Compared to other tower defence games Aegis of Earth: Protonovus Assault’s battles aren’t very interactive. It’s impossible to manufacture units (or grow zombie repelling spuds) once a level begins. What you can do however is rotate the four districts that make up your city. Invaders are attacking from the south? No worries. Just use the gamepad’s shoulder buttons to reposition your north facing armaments onto a spot where they can target the oncoming threat. Nifty weapon design I must say, although my heart does go out to the townsfolk. The poor sods must get awfully dizzy during attacks, given that their residence will “spin” around the place more than a dishonest politician.


My rating for Aegis of Earth: Protonovus Assault is a three and a half out of five. I enjoyed the game enough to snag all the trophies on offer, but it’s debatable whether other players will share my sentiments. My suspicions are that most people will tire of the gameplay after a few hours, as the battles aren’t very stimulating. The biggest flaw Aegis suffers from is that success can be achieved with little strategy (which may explain how a dimwit such as myself easily managed to earn a platinum.) Although you have a bevy of weapons to choose from (rockets are effective versus crowds, Gatling guns work best versus speedy critters etc.) you can pretty much turn your city into an impenetrable fortress by exclusively erecting missile turrets.

Despite the lack of challenge, I still managed to have a good time playing through Aegis of Earth. Part of the reason why I liked Protonovus Assault would have to be the quirky roster of subordinates that appear during the story (my favourite character being Towa, the twenty-six year old commander who desperately wants to get hitched.) I also felt a sense of satisfaction seeing the cities under my watch prosper. Who knew that upgrading power stations, terraforming land and maintaining residential zones could be so much fun? Takes me back to the days of Sim City – only that when Godzilla shows up you can now save your utopia from destruction by pelting the oversized lizard with warheads. Haha, revenge!

Review of Golden Time (Collection Two)


Sometimes persevering with a show pays off. Although I can’t say that I had a “golden time” watching Collection One of this Animatsu licenced series, the concluding twelve episodes were much more to my taste. Episodes 13-24 continue to chronicle the tumultuous relationship between Koko Kaga (an affluent stalker with robotic dance moves) and her new boyfriend Banri Tada (an amnesiac who is literally haunted by long term memory loss.) Refreshingly the script avoids using a potential love triangle to stir up drama. The onus instead falls on the young couple dealing with the strains caused by Banri’s mental illness and the small matter of a phantom who wishes for them to break up. Quick someone call the Ghostbusters… the original ones (no one wants to see the new team.)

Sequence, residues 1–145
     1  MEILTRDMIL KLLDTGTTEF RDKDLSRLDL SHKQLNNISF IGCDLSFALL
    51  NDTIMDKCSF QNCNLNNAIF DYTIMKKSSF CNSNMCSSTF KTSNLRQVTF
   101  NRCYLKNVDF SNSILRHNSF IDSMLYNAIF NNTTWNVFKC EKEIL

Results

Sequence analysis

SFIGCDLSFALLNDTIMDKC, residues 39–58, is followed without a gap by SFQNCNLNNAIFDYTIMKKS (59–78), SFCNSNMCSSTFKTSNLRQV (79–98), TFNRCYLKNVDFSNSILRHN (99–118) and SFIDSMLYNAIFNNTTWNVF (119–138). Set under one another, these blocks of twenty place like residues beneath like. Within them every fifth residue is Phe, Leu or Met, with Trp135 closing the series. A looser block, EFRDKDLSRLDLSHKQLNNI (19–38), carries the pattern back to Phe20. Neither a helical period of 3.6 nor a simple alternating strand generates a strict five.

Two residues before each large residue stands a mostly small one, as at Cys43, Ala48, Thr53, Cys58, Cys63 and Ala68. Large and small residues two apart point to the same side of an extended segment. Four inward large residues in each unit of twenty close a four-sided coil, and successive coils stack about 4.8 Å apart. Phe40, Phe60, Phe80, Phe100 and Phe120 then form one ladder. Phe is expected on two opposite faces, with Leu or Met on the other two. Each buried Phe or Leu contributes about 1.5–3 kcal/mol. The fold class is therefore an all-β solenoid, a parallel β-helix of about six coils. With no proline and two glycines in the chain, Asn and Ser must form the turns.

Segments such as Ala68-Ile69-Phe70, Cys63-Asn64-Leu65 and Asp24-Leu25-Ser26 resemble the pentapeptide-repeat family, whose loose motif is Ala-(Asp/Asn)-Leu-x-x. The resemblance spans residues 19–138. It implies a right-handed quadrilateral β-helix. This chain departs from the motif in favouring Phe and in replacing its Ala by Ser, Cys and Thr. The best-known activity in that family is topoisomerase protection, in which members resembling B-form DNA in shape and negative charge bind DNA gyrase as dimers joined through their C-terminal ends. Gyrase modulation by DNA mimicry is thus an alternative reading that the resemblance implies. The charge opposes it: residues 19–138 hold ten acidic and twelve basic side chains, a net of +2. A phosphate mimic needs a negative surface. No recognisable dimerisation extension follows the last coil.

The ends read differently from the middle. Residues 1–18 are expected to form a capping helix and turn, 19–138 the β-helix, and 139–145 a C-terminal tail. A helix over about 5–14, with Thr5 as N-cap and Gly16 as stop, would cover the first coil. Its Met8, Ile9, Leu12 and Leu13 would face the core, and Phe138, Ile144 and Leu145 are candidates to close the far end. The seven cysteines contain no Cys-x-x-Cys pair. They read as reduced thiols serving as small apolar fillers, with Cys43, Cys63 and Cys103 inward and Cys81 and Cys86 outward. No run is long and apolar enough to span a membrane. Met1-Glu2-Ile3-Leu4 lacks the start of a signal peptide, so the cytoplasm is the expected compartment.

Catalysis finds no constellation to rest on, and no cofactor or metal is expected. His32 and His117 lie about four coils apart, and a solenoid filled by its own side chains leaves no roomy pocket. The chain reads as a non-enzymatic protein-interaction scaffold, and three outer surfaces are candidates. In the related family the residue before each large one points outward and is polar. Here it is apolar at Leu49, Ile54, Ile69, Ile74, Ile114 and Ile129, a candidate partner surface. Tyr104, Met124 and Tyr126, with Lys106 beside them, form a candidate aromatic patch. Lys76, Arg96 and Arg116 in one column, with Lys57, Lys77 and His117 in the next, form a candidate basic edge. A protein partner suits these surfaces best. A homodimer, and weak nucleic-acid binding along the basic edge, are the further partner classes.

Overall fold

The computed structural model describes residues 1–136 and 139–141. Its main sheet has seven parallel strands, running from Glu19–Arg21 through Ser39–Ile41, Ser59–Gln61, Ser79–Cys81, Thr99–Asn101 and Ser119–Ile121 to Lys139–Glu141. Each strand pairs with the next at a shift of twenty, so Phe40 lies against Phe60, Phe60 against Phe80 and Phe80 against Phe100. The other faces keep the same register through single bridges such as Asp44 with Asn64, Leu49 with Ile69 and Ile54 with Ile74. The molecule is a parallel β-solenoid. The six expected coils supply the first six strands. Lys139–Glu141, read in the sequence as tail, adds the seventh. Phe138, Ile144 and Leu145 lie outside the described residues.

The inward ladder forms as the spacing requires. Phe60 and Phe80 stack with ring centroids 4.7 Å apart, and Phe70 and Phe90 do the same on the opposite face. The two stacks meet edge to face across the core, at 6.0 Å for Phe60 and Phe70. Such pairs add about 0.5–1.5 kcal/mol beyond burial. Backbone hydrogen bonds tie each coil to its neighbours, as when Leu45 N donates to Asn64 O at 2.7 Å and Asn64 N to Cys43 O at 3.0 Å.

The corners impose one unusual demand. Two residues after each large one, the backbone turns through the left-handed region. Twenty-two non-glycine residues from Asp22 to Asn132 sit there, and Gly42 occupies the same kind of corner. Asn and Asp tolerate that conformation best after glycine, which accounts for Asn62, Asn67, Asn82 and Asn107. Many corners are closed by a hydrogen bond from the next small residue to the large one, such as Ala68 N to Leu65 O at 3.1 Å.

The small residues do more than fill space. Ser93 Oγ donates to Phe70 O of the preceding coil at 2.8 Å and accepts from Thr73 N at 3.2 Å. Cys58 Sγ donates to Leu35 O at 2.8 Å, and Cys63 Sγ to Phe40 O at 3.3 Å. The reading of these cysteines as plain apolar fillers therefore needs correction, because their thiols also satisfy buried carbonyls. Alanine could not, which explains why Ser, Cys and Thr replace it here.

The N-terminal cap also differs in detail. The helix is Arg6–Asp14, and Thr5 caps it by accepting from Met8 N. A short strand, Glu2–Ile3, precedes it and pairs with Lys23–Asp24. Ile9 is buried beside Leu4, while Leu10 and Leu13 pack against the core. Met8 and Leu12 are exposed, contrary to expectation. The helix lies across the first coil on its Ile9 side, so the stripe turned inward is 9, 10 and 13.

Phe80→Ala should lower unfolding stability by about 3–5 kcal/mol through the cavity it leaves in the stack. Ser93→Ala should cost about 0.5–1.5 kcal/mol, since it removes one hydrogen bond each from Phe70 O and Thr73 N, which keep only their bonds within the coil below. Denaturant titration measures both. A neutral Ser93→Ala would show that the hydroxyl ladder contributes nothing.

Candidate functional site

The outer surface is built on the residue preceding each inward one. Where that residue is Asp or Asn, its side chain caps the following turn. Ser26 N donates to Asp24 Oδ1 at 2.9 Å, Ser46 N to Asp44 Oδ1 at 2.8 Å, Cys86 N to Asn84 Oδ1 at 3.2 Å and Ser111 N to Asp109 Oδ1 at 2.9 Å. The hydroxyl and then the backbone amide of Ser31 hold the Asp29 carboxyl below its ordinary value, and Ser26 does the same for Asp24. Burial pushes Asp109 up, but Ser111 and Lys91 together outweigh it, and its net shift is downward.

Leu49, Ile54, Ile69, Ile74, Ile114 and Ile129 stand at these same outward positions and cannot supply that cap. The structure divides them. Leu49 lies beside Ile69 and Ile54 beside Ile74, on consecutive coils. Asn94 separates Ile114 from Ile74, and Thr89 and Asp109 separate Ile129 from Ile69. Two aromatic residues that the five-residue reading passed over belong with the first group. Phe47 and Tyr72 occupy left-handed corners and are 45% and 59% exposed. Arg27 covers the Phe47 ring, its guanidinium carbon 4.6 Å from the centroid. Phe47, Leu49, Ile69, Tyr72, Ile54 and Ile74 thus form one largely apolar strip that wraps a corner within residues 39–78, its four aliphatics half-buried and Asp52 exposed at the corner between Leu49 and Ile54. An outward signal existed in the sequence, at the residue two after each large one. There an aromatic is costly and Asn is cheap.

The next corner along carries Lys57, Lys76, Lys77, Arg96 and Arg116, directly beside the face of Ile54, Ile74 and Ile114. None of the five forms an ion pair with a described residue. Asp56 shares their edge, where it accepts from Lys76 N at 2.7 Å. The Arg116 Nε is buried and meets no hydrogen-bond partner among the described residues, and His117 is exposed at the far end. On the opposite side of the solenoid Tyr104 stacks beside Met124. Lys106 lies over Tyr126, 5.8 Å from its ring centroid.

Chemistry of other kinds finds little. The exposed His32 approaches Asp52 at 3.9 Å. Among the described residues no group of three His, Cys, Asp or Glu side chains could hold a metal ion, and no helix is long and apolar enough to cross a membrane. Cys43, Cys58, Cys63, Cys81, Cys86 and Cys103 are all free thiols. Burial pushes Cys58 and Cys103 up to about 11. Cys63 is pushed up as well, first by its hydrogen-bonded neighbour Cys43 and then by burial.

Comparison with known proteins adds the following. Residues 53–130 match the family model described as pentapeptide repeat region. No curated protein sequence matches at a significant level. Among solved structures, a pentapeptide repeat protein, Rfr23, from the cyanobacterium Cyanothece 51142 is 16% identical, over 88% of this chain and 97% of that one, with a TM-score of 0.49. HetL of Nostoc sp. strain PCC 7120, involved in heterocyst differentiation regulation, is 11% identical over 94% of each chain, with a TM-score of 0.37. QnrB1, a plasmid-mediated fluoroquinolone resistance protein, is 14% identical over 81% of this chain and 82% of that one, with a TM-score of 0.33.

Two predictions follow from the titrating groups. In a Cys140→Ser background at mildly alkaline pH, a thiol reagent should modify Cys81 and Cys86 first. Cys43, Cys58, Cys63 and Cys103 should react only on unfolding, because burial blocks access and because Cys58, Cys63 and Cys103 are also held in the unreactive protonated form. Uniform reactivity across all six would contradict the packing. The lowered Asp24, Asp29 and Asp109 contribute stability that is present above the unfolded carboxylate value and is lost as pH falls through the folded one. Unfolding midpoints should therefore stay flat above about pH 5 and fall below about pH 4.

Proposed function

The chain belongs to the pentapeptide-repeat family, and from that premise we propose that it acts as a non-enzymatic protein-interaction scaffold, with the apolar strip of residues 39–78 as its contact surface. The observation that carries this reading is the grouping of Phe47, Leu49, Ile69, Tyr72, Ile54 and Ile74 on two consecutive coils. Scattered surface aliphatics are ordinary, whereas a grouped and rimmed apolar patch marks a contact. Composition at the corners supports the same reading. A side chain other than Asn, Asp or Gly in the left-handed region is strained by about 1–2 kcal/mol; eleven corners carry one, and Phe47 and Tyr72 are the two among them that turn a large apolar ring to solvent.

Watching this second instalment of Golden Time reminded me a little of Clannad. Both shows have sweet romance, wacky comedy and supernatural elements. Clannad’s paranormal ventures are however superior to the annoying spook found in Golden Time. Said gloomy poltergeist is a representation of Banri’s lost memories. Unable to let go of old flame Linda Hayashida, the apparition does its level best to sink the Banri x Koko ship – be it by tampering with the weather or momentarily possessing Mr Tada. The spectral cock blocking thankfully ceases for a while, during a story arc were Koko gets involved in a traffic accident. Wracked by guilt, after dozing off behind the wheel of a car, she retreats to the sanctuary of her bedroom and refuses to interact with anyone. Can Banri cheer up his temperamental partner? You’ll have to watch to find out.

Golden Time’s final act deals with the return of Banri’s missing memories, which come in the wake of a trip back to his old stomping grounds. Meeting up with his folks and attending a high school reunion causes Banri to gradually remember his lost past, although the recovery comes at a price. As more memories return Banri begins to forget events that occurred after the accident responsible for his amnesia. In effect the past is erasing the present day version of Banri and his dreams of a future with Koko. The scenes that follow can be hard to watch. Banri struggles to recognise the friends we have seen him make over the course of the series and the pain of it all is too much for Koko to bear. Worst of all he attended two years of law school for nothing. I don’t fancy his chances of passing exams after a term’s worth of lessons disappear from his scrambled mind.


My rating for Golden Time (Collection Two) is four stars. As mentioned above I found the second half of Yuyuko Takemiya’s light novel adaptation to be stronger than the first, hence the slightly better score. Koko is less of a brat in these episodes, which immediately makes this DVD set more watchable in my eyes. Another plus in its favour are the funnier gags, which serve as a nice counterbalance to the script’s moodier moments. The supporting cast’s knack for pouting and Banri’s frenzied reactions would have been intolerable without the levity provided by irritable neighbour Nana, Koko’s backbreaking exorcist routine and one of the most hilarious (yet cringe worthy) sex scenes I have ever witnessed. Kudos to the Japanese voice cast for delivering both japes and emotional dialogue with aplomb.

Despite my lukewarm reaction to collection one, Golden Time eventually won me over. I was impressed by how it avoided the tropes one usually associates with rom-coms. A show about a couple in a steady relationship is different, as was the lack of a full-blown love triangle. I kept expecting Linda to use the turmoil in Banri’s life to rekindle his lost passion for her, but instead she remained nothing more than a trustworthy confidant. Not all of Golden Time’s unique ideas worked though. The narrative would have been better without the ghostly sub-plot. At one point I predicted the series would conclude with Banri fist fighting his ethereal doppelganger for ownership of his body. Thankfully things didn’t quite pan out like that. Leave the ghost eradication to Peter, Ray, Winston and Egon… not the new team (like I said before, no one wants to see them.)